/contrib/famzah

Enthusiasm never stops


Leave a comment

“iperf” and “iftop” accuracy

While working on my latest pet project which involved 10 GigE transfers, I noticed a significant difference between the results shown by “iperf” and “iftop“. A fellow blogger also noticed this discrepancy. In order to get to the bottom of this, I did some additional tests using different MTU sizes, and observing the output of “iperf”, “iftop”, “iptraf”, and the raw Linux network device counters as seen by “ifconfig”.

The tests results are summarized in an online spreadsheet: https://goo.gl/MvJC8K
iperf vs. iftop vs. iptraf vs. raw stats - spreadsheet - preview

Some notes about each application:

  • iperf – this tool measures the TCP performance, as per documentation; therefore it counts the useful payload in a TCP/IP transfer; this is layer4 in the OSI model
  • iftop – this tool counts all IP packets, as per documentation; my tests show that it also operates on layer4, just as “iperf”, because ARP traffic (on layer3) is not counted at all; the fact that “iftop” cares about connections+ports also suggests that it operates at layer4
  • iptraf – this tool seems to be too old now, and its results were off by a multiple of 4 to 5
  • ifconfig – shows the most low-level statistics, namely bytes that passed as RX or TX through the network device; the most trusted source of performance data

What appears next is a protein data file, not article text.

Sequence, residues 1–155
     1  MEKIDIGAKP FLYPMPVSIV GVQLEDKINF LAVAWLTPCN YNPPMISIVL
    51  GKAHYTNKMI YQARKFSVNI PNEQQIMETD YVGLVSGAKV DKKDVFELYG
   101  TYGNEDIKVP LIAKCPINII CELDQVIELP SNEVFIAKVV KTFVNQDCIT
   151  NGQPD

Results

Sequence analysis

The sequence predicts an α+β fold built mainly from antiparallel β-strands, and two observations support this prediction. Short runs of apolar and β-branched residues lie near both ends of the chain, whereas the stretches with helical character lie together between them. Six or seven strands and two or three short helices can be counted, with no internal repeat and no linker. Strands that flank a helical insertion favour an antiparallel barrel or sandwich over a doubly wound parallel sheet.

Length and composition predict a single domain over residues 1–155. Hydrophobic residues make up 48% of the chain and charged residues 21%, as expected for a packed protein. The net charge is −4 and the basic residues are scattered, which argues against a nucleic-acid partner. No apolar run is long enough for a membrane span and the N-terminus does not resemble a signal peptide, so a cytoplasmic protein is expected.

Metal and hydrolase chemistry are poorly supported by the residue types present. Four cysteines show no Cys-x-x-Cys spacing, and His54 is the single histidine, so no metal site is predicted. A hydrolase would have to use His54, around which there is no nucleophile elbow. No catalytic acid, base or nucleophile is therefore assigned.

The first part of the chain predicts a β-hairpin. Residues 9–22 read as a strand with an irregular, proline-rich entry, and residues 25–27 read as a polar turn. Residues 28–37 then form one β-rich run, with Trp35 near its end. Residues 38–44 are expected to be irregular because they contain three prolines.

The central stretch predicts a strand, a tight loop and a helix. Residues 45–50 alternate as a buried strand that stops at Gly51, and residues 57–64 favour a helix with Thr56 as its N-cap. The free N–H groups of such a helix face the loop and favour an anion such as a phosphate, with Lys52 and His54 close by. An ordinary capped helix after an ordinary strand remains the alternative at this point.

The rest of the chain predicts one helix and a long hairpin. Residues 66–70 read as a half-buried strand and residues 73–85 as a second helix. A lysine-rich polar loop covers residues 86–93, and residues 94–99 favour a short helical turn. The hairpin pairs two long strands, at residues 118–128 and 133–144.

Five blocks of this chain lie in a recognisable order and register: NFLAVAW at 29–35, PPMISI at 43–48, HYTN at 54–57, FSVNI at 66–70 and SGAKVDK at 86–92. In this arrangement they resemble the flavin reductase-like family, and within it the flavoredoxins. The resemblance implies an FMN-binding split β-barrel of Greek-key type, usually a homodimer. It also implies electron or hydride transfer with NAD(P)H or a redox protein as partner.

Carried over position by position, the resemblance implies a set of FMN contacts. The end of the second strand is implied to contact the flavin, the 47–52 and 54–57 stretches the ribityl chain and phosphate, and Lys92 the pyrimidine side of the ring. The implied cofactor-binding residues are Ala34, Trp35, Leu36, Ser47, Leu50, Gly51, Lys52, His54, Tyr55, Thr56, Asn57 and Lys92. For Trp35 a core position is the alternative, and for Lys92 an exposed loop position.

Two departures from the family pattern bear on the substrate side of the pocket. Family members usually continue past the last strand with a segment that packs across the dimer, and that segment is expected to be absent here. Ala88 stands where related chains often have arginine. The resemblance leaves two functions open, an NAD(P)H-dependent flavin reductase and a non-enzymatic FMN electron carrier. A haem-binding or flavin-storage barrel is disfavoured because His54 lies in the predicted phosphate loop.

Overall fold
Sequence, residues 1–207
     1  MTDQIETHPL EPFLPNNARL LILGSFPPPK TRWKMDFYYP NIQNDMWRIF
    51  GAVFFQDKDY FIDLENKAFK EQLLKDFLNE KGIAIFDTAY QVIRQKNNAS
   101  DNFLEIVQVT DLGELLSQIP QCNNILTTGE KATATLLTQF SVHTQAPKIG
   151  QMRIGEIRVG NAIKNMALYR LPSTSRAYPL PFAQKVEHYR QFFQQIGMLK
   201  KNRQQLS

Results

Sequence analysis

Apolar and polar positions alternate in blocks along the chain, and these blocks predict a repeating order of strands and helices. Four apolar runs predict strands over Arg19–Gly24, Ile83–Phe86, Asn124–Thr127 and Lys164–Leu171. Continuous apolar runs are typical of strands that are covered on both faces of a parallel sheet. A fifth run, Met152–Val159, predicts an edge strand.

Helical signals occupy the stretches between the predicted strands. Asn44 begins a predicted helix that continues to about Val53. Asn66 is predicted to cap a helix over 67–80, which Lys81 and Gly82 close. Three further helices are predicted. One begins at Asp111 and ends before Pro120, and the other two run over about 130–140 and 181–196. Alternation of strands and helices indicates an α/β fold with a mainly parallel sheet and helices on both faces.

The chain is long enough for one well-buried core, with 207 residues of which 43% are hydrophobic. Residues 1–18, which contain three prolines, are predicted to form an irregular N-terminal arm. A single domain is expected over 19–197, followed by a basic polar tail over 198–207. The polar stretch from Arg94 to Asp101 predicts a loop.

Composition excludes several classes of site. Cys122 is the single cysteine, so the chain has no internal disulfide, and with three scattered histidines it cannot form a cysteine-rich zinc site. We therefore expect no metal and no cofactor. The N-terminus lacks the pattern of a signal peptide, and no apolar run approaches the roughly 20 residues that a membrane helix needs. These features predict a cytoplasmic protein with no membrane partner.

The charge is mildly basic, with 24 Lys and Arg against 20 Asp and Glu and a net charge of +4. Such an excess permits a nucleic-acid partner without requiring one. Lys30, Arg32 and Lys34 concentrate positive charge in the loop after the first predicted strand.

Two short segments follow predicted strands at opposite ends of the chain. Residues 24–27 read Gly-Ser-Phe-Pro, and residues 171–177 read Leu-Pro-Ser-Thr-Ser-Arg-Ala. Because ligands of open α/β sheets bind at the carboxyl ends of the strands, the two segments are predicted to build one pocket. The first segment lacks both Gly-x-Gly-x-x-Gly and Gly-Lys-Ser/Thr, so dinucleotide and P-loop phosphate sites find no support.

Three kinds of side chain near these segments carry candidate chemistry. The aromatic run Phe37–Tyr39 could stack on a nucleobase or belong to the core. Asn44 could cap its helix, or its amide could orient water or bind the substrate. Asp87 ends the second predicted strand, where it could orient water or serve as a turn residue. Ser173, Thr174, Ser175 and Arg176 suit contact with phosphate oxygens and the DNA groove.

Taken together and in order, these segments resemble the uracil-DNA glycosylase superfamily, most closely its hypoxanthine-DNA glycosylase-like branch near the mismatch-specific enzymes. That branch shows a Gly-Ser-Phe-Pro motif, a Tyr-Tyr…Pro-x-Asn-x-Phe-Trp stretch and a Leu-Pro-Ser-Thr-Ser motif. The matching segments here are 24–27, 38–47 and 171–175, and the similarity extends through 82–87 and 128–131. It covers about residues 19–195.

We notice that both “iperf” and “iftop” measure the useful payload data that we can transfer per second. Since all OSI layers have some overhead, let’s take a look at what theory says about bandwidth efficiency in Ethernet:

  • with a standard MTU frame of 1500 bytes, we get 94.93% efficiency (5.07% overhead)
  • with a jumbo MTU frame of 9000 bytes, we get 99.14% efficiency (0.86% overhead)

Those numbers correspond very closely with the results shown by “iperf”.

It’s only “iftop” which differs a lot. Analysis of its source code reveals the reason for this and how we must interpret the displayed results:

#
# ui.c
#

void ui_print() {
...
    mvaddstr(y, COLS - 8 * HISTORY_DIVISIONS - 8, "rates:");

    draw_totals(&totals);
}

void draw_totals(host_pair_line* totals) {
    for(j = 0; j < HISTORY_DIVISIONS; j++) {
        readable_size((totals->sent[j] + totals->recv[j]) , buf, 10, 1024, options.bandwidth_in_bytes);
...
}

#
# ui_common.c
#

/*
 * Format a data size in human-readable format
 */
void readable_size(float n, char* buf, int bsize, int ksize, int bytes) {
    float size = 1;
...
    while(1) {
      size *= ksize;
...
        snprintf(buf, bsize, " %4.2f%s", n / size, bytes ? unit_bytes[i] : unit_bits[i]);

The authors of “iftop” decided to round to Gigibit (multiple of 1024), instead of the more common Gigabit (multiple of 1000). This makes the difference by “iftop” bigger as the transfer rate gets higher. For Gigabit the difference is 7%.

Once the “iftop” values are converted from Gigibit to Gigabit, they also match the results by “iperf” and the raw Linux network device counters.